The Security Committee at the State DumaOfficial site
Chairman - Vladimir Vasilyev (fraction "Yedinaya Rossia")
The Committee on Security of State Duma is responsible for parliamentary control over the activities of the intelligence services. However, the role of the security committee has changed since the December 2003 State Duma elections.
Vladimir Vasilyev, former deputy minister of internal affairs, was appointed the chairman of the committee. Vladimir Vasilyev became known in October 2002, when as the Deputy Minister of internal affairs together with the deputy director the FSB Vladimir Pronichev, he led the operation on the release of hostages in the theatre on Dubrovka. Vasilyev officially stated at 8 am on the day of the assault, that officers had to start the operation because several hostages had attempted to run out and thus left him no other choice. Some opposition members of the State Duma tried to initiate a parliamentary investigation, but they had insufficient votes. Under Vasilyev, Committee on Security mostly lost its control functions: even anti-corruption commission, existed in this Committee, was disbanded. The oversight under secret services budget is very difficult because only main figures are open, the detailed charges to national security are hidden in secret appendices to Federal Budget. Since 2000 the number of open-published figures in secret services budget was being decreased.
Parliamentary investigations began in Russia only after the terrorist attack in Beslan (1-3 September of 2004). However, commission for Beslan arose only because of the fear of a predicted uprising of the population of North Ossetia, which could lead to the second war in the North-Caucasian region. On September 7, 2004 Vladimir Putin at the special press conference for foreign journalists, answering a question about the need to conduct an open investigation, stated that it would be sufficient to conduct an internal investigation into the tragedy in Beslan. Answering a question about a parliamentary investigation, he added, that this investigation could become a political show. So, at first Putin shadowed the idea of the creation of a commission like US Commission on 9/11.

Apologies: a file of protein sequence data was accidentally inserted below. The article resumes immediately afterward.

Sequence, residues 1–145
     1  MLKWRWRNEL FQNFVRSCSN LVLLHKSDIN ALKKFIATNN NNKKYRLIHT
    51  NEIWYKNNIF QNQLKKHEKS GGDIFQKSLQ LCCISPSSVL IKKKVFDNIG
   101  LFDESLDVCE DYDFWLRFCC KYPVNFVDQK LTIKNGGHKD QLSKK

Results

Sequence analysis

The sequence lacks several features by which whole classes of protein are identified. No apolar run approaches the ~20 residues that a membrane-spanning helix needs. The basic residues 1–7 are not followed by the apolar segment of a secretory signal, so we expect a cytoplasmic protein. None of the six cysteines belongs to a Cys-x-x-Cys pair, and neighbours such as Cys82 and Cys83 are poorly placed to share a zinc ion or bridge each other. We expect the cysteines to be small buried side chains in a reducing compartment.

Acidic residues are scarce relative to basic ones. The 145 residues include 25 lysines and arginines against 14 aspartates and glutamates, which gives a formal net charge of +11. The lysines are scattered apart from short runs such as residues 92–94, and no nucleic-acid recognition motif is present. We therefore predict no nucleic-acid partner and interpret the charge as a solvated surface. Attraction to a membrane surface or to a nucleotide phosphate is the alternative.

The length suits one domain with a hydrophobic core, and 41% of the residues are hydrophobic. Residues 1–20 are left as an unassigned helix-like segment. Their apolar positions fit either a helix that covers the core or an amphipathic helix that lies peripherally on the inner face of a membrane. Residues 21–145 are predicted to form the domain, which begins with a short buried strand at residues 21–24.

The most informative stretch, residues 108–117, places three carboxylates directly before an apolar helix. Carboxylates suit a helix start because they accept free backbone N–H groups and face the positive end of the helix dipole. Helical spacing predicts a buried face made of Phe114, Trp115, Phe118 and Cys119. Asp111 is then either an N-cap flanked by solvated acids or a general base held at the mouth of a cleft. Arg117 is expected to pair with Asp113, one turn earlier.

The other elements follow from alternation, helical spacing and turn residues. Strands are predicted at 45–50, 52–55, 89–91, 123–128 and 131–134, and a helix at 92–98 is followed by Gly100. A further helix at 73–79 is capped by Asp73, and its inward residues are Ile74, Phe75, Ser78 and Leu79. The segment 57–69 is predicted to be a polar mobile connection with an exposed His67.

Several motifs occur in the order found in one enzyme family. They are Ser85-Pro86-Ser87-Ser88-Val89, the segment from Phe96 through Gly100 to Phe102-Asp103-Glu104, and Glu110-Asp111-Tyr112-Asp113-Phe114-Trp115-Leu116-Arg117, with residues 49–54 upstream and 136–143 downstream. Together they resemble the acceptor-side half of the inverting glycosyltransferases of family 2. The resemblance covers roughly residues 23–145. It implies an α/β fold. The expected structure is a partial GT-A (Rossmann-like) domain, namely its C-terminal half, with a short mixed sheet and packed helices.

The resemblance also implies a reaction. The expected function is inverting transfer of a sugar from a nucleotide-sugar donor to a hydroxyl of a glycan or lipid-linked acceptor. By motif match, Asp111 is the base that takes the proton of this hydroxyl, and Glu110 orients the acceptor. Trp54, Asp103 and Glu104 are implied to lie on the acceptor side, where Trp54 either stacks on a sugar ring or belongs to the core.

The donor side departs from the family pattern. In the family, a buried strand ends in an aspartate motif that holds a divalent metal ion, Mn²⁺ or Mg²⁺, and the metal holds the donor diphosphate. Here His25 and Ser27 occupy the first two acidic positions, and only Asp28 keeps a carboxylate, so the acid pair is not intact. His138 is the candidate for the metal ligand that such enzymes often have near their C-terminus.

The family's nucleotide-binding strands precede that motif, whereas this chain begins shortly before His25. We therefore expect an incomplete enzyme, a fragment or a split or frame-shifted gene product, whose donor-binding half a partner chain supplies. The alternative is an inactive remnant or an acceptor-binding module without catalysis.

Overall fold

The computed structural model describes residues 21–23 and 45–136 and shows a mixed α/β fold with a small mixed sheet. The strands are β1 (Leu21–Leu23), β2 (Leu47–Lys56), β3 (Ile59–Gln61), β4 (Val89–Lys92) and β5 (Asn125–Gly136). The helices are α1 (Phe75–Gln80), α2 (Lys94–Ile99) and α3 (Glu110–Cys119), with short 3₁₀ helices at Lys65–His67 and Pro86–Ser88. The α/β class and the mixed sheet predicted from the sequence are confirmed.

True, no one at that moment warned the President about the mass meetings demanding the resignation of Dzasokhov, the President of North Ossetia, which passed in Vladikavkaz. Since Putin did not agree to remove Dzasokhov, it was necessary urgently to correct position. On September 10 it became known that Putin supported the idea of the creation of the commission of Federation Council on the investigation of the Beslan attack and that he would grant the commission access to all necessary information of law-enforcement agencies and the Attorney General's Office for its work. But the desire to limit investigation by the small circle of the senators controlled by Kremlin could not defuse the situation. On September 16 the speaker of the State Duma Boris Gryzlov stated that the State Duma would create its own Commission of Inquiry into the circumstances of terrorist attack in Beslan. On September 20 the parliamentary commission was formed. It consists of 11 senators and 10 deputies. Commission is headed by Alexander Torshin, vice-speaker of Federation Council – a party bureaucrat who smoothly passed from the apparatus of the Central Committee of the Communist Party of the Soviet Union.
Commission has presented its report in December 2006, mostly confirmed official version of Beslan siege and simply approved all changes in national antiterrorist system, suggesting nothing. The main conclusion is very simple – activity of operational staff in Beslan was correct, all mistakes and problems, founded by Commission, were fixed during reforms 2004-2006. Thus, the structural reforms in the secret services discussed above were achieved without taking into account the investigation.
In May 2008, Vladimir Vasiliev, the chairman of the Duma’s State Security Committee, admitted in interview to Agentura.Ru that there is no parliamentary oversight over the secret services in Russia.